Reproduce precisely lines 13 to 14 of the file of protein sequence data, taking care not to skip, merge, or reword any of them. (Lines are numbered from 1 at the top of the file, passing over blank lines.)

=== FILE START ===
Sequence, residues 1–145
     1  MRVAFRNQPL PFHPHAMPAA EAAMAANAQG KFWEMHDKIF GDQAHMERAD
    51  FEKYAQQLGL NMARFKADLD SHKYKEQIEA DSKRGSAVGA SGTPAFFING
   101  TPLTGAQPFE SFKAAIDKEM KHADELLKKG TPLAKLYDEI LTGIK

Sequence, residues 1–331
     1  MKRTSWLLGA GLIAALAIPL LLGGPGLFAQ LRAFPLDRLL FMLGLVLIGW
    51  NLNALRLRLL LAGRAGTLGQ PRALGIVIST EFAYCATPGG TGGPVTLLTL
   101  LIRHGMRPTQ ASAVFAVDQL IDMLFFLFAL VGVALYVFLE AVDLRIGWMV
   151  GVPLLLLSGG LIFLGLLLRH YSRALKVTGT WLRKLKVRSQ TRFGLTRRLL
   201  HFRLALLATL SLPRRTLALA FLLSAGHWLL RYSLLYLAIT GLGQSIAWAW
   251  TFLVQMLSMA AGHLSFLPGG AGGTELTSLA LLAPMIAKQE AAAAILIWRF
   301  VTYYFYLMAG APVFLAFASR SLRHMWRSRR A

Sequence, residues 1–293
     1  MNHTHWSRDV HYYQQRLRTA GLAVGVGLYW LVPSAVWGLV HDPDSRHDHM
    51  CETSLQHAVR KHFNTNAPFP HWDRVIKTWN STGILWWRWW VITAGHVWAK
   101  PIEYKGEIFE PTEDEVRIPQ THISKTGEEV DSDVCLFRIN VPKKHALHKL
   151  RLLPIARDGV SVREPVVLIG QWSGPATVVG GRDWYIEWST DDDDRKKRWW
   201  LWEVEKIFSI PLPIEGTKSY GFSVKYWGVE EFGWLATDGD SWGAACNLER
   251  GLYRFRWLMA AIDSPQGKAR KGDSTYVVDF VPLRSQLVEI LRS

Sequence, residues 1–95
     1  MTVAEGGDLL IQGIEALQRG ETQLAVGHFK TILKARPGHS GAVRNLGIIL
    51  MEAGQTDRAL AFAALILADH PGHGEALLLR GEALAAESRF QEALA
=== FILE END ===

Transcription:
Sequence, residues 1–293
     1  MNHTHWSRDV HYYQQRLRTA GLAVGVGLYW LVPSAVWGLV HDPDSRHDHM